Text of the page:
Let’s get rid of business schools — and their ideological influence over thought in economics departments

While some business schools are less slavish to the official orthodoxy worshipped in most economics departments and dutifully preached to gullible (not all though) students, they generally promote the unfettered view of capitalism as the best of all possible worlds to their students. This is the same ideological view coming out of nearly all economics departments core curriculum. Business schools are a bit more practical, though, and some I understand actually discount any real value of economic theory in terms of running businesses or even understanding how the economy actually operates. In fact, there is some hypocrisy here. Business schools like the idea of unfettered capitalism preached by nearly all economics departments, but they are also interested in  manipulating markets and consumers to make greater profits. Clearly, there is an ideological role for economics they don’t want to dispense with,  like the nonsense assumption called  “perfect competition” most students are taught to believe is the ideal form of social organization. But businesses don’t want to be “price takers.” They would prefer and seek to be monopolies so they have market power!

I was thrilled to learn of this new book by Martin Parker about business schools and what is wrong with management education (of course, thinking immediately of Grossman School of Business and its unabashed promotion of unfettered capitalism with links to UVM’s Dept of Economics). As I read the passage below from a review of Parker’s book by Thomas Klikauer published at counterpunch.org  (Bulldoze the Business Schools!, June 8, 2018), my thoughts turned to the late Ross Thomson, who was a full professor of economics at UVM, and a former professor of mine who had become a colleague.

When I asked Ross over beers why UVM’s Dept of Economics teaches only neoclassical economics in its core curriculum, he stated matter of factly that “it’s because of the business school.” Ross knew the ideological role of neoclassical (standard model) economics when it comes to business (the main message is markets know best and government makes economic outcomes worse).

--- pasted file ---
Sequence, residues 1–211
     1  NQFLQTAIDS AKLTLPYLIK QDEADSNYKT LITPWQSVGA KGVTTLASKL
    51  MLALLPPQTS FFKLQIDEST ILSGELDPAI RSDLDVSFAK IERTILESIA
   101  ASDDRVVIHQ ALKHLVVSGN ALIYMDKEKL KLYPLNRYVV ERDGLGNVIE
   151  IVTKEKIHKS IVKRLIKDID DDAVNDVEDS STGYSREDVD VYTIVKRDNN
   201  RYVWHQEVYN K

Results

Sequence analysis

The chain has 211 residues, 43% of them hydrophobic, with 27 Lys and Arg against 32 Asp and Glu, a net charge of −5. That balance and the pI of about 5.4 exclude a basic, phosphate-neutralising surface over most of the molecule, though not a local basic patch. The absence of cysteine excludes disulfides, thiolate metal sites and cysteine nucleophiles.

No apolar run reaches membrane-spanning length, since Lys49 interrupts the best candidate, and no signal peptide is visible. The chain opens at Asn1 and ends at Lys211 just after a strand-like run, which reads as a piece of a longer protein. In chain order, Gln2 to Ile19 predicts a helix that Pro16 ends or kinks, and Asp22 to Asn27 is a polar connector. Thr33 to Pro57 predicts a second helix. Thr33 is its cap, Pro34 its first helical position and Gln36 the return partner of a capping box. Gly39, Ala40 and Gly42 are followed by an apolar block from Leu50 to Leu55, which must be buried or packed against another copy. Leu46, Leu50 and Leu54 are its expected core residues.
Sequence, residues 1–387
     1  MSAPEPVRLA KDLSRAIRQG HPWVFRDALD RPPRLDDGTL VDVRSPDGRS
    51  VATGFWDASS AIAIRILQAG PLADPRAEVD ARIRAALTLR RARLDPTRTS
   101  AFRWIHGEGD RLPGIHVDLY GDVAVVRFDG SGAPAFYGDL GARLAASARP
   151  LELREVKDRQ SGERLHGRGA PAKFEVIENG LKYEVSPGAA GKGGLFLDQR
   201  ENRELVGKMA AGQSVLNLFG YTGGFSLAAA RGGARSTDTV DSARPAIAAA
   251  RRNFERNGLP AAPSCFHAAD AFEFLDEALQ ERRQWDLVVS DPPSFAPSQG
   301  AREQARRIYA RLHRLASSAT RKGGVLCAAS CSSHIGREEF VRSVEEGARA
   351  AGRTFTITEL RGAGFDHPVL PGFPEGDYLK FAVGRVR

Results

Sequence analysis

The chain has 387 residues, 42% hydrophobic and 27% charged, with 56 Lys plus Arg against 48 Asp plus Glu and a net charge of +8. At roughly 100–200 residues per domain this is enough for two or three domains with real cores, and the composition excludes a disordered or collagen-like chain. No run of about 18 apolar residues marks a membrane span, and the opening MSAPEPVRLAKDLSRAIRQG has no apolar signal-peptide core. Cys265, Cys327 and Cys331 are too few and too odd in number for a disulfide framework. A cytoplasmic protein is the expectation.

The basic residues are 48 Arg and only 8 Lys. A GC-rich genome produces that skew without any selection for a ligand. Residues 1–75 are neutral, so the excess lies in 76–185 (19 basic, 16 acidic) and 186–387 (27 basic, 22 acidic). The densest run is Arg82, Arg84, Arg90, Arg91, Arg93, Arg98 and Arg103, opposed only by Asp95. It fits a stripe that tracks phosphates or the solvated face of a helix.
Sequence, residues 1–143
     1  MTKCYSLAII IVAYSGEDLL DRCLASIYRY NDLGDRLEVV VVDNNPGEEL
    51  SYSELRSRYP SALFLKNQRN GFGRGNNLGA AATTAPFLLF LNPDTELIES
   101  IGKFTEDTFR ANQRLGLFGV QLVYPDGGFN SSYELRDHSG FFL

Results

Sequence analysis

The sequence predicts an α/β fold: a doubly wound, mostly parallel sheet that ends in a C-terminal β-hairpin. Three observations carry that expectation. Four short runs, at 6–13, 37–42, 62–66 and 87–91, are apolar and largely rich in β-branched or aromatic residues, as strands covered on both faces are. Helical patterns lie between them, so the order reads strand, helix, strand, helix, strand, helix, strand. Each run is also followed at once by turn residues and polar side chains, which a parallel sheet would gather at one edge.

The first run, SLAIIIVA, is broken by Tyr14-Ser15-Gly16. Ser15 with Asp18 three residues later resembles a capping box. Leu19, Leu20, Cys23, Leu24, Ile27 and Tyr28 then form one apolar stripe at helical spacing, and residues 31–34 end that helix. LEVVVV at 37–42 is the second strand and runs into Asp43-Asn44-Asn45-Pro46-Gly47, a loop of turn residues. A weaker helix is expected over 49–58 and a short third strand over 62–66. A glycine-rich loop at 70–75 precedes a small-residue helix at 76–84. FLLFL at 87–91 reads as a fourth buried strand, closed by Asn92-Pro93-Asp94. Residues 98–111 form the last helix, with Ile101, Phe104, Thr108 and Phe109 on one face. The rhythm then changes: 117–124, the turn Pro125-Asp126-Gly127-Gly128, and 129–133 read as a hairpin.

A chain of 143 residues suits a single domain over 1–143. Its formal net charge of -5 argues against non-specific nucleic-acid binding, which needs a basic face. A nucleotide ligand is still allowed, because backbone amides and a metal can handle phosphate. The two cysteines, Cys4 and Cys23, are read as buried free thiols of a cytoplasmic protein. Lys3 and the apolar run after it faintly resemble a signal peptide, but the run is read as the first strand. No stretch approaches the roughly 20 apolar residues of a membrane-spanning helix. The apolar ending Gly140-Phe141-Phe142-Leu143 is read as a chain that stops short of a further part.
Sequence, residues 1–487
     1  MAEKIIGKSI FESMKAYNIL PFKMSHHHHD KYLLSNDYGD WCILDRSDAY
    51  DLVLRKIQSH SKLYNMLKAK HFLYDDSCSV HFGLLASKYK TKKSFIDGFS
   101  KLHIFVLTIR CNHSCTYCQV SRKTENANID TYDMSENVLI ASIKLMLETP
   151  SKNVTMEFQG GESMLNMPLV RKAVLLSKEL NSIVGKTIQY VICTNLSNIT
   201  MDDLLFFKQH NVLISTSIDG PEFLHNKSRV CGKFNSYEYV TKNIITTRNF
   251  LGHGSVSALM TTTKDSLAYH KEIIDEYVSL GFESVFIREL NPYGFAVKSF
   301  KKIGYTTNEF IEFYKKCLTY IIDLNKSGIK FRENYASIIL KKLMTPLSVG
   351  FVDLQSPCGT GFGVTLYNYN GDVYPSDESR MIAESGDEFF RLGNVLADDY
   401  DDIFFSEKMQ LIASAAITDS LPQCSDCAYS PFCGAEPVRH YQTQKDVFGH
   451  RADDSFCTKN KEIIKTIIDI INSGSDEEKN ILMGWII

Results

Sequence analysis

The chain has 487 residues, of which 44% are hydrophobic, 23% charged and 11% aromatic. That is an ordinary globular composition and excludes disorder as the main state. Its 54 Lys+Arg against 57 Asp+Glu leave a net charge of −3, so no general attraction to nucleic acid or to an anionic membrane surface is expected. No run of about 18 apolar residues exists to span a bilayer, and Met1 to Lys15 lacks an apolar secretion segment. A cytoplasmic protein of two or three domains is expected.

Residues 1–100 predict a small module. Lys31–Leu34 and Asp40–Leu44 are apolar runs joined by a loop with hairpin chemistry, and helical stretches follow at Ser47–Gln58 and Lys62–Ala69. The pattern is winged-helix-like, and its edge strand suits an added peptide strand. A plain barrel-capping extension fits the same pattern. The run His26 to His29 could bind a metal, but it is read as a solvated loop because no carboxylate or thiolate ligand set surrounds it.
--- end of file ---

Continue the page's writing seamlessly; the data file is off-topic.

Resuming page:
After all, business school is about promoting hands-off capitalism. The core curriculum (neoclassical economics), which is found in nearly all economics departments, offers only this paradigm to its students (who don’t know they are paying for what many consider a defective educational product).

Yet it is comprised of a calcified pseudo-science that arose in the late 19th century as an ideological bulwark against Marxism. Thus, while the neoclassical approach has some trivial truth in its models, it’s largely a discredited paradigm – and ideology masquerading as science. Don’t let the math fool you. In many ways neoclassical (originally called Marginalist) economics is one of the original “fake sciences,” like alchemy and astrology.

Ross was the cornerstone of the Marxian political-economy track at the New School for Social Research in NYC (which offered a dual core curriculum — neoclassical AND political economy – Marxian, post-Keynesian, economic history, etc.) before he came to UVM following his denial of tenure (and a huge fight against the ideolgical purge of Ross and many others in the 1980s at the New School).

At UVM, of course,  there is no political economy in the core curriculum and it is not taken seriously (and never will be; when I suggested adding a political economy principles level course, UVM Economics Department faculty members, including so-called progressive Jane Knodell, reacted like I had committed heresy; I was kicked out a month later), so no teaching of Marxian economics (or any non-neoclassical classical economics as part of any required core coursework).

Ross had received his Ph.D from Yale University and was a masterful economic historian. Despite the forced feeding of establishment (standard model) economics to all the students at UVM, Ross managed to work into his teaching a little bit of his brilliant economic history and Marxian (classical) political economy, and accomplished what he could given the conservative culture at UVM’s Dept of Economics, with its links to the business school.

As a point of reference, UVM has purged at least three radical political economists, beginning with Harvey Salgo in the 1970s, Dawn Saunders in 2000’s, and, of course, your blogger in 2017. These political economists, all of whom were members of the Union for Radical Political Economics (URPE) working in a non-neoclassical paradigm, were kicked out under questionable circumstances.

Below is a passage from the review of Parker’s new book.

Like HRM, business schools as a whole are built on the assumption that human behaviour – of employees, customers, managers and so on – is best understood as if we are all rational egoists. The hallucination of the neoliberal homo economicus is constantly and consistently rehearsed through, for example, a sheer endless array of crypto-psychology and leadership classes, textbooks, conferences, semi-academic journals, etc. A case in point is leadership. Business schools teach about leadership as if it were a form of grace. It is done mostly without reflecting on the fact that the anti-democratic and deeply authoritarian “leader-follower” template may not be the perfect model for a society, a company or any human organisation for that matter.

The full post can be read at counterpunch.org.